Cricket SA‚ SACA back from the brink with interim agreement

Cricket South Africa acting chief executive Thabang Moroe (L) alongside president Chris Nenzani.
Cricket South Africa acting chief executive Thabang Moroe (L) alongside president Chris Nenzani.
Image: Lee Warren/Gallo Images

Cricket South Africa (CSA) and the South African Cricketers’ Association (SACA) came back from the brink of disaster on Thursday‚ but the game in this country isn’t yet out of the woods.

The organisations agreed on an interim memorandum of understanding (MOU) that heads off‚ for now‚ the crisis that has loomed for months with the current MOU set to expire on Monday.

“The short-term arrangement will allow the player contracting process to go ahead for the coming contract year‚” a joint CSA and SACA release said on Thursday.

The release said that the June 30 had been set as the “bull’s eye deadline” when “MOU18 [which will be in place for four years] should be finalised with set dates in May and June for negotiations meetings”.

A commitment to “negotiating a recognition agreement to regulate the ongoing relationship between” CSA and SACA has been made.

National and franchise players have been awarded “an interim increase of 6%”‚ but that may rise in the formal agreement.

Importantly‚ considering the noises to the contrary CSA have made in recent months‚ the board have “committed to maintaining a revenue share model with the players‚ details of which will be finalised as part of the MOU18”.

What that agreement will look like has not been revealed‚ but it will be unusually carefully scrutinised by the players — whose confidence in the incumbent administrators to run cricket competently has been rocked by the debacle that the postponed Global T20 League has become.

Thursday’s release took us no closer to that truth: “It is intended that the MOU18 will establish the longer term financial arrangements necessary to underpin the national and franchise player contracts on a sustainable basis for the next four to five years.

"It will also deal with a wide range of player matters‚ relating to their employment and their careers as professional cricketers.

"Many of these will be similar to the arrangements under the MOU14.”

But SACA chief executive Tony Irish voiced guarded approval for the progress made so far in the comments attributed to him in the release.

“We are satisfied that this interim agreement addresses the uncertainty that has existed amongst players regarding the MOU and their contracts and it ensures that no national or franchise player in the system going forward is left without a contract come May 1‚ 2018‚” Irish was quoted as saying.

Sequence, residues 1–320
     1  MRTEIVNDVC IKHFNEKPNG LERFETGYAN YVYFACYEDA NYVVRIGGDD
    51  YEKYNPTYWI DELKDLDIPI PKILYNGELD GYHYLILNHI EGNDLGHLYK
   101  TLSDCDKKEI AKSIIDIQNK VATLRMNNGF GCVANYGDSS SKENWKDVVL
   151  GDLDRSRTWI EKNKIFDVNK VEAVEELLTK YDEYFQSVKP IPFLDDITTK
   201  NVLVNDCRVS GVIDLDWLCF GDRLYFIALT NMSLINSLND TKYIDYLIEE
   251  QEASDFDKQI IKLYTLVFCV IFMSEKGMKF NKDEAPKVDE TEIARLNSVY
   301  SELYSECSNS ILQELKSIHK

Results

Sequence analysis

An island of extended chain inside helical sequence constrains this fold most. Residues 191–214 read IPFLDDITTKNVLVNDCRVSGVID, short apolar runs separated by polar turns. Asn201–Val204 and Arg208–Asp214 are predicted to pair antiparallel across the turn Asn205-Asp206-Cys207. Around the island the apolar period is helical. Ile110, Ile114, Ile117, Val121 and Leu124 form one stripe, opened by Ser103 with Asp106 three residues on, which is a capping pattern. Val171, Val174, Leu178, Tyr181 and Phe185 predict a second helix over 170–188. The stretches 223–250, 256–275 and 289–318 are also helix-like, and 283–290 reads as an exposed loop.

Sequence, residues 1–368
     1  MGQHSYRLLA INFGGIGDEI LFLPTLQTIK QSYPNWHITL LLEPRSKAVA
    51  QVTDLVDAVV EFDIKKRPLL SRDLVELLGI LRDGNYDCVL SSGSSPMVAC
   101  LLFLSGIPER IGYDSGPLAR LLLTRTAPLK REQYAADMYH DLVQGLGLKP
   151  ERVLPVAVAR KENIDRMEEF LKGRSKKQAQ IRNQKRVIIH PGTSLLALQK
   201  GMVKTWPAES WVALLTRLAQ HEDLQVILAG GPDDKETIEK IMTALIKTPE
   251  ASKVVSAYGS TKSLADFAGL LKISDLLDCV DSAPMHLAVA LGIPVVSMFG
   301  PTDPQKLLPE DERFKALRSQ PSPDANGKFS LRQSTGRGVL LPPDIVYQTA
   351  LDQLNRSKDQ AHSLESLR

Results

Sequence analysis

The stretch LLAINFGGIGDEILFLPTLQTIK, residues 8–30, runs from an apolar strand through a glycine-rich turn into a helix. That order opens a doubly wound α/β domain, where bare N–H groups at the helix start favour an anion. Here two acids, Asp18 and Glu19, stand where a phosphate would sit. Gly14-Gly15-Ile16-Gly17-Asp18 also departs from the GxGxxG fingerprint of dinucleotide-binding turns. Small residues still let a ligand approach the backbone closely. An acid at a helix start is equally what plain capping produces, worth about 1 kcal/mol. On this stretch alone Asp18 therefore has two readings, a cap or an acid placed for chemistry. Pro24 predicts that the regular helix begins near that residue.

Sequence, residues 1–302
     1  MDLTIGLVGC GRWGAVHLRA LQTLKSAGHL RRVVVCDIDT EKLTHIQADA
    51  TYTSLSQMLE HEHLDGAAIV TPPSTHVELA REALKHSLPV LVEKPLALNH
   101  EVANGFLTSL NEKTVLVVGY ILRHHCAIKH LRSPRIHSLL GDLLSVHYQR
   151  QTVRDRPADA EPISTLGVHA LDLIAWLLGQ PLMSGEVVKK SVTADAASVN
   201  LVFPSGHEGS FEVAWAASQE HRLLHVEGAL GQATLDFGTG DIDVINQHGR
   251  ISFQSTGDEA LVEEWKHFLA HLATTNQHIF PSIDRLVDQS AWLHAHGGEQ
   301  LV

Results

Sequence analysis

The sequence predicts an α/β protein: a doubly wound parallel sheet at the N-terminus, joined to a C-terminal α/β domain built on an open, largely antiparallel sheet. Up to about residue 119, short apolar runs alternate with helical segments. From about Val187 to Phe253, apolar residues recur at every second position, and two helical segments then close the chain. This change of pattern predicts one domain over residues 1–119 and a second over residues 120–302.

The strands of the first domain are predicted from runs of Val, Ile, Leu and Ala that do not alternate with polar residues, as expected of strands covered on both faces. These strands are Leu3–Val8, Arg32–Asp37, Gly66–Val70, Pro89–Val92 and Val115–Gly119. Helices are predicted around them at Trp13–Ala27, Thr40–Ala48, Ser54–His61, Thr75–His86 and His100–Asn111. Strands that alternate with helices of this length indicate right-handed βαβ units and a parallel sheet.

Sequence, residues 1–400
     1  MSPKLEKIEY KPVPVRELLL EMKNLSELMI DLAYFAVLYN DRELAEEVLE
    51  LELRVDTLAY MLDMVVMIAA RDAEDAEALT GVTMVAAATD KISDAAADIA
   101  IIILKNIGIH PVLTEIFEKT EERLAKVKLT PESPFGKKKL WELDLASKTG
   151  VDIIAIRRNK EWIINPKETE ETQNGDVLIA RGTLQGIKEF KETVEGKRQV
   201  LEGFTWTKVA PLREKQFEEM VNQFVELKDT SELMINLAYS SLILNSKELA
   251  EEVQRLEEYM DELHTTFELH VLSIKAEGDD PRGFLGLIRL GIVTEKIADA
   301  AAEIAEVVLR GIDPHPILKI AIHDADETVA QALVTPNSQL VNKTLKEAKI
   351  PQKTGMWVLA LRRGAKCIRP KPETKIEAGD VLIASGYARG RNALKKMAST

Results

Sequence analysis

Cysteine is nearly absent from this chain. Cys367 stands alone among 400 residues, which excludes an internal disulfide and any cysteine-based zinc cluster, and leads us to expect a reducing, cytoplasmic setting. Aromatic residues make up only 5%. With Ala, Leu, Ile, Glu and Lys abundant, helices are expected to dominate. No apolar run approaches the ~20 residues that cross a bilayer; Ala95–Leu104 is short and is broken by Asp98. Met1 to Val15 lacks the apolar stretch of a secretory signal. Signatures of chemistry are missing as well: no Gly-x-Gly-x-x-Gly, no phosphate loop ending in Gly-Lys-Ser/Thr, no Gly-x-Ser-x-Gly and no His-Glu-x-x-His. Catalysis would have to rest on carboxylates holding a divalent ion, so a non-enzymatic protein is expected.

“The interim agreement also contains commitments to key issues outside the player contracts and commits the parties to further structured negotiation over a two-month period which aims to finalise the full ambit of player benefits‚ and other player relevant matters‚ to apply over the longer‚ four to five-year term of the MOU18.”

CSA acting chief executive Thabang Moroe sounded a more conciliatory tone on the issue than he has lately.

“There is still a long way to go in these negotiations but CSA and SACA have both acted in the best interests of the game by setting a clear platform needed to jointly and constructively get this done within a two-month period‚” Moroe was quoted as saying.

With that‚ one of the biggest obstacles to South Africa living up to their potential at next year’s World Cup was at least temporarily removed.

South Africa will play England in the opening match of the tournament at The Oval on May 30 and will end the round-robin stage against Australia at Old Trafford on July 6.

Unusually and controversially for World Cups‚ cricket has chosen to shrink the number of teams playing in its global white-ball showpiece from 14 to 10 teams.

“It is probably the most open World Cup‚” an International Cricket Council release quoted South Africa’s Chris Morris as saying.

“It depends what teams are peaking at the right time‚ but there is always an upset at a World Cup and you will always remember them.

“One individual can take a game of cricket away on the day‚ [and] it will be very interesting to play against teams that some guys have not played against and new players that have never been seen coming onto the big stage.”

South Africa World Cup fixtures:

May 30: England‚ The Oval

June 2: Bangladesh‚ The Oval

June 5: India‚ Hampshire Bowl

June 10: West Indies‚ Hampshire Bowl

June 15: Afghanistan‚ Cardiff

June 19: New Zealand‚ Edgbaston

June 23: Pakistan‚ Lord’s

June 28: Sri Lanka‚ The Riverside

July 6: Australia‚ Old Trafford

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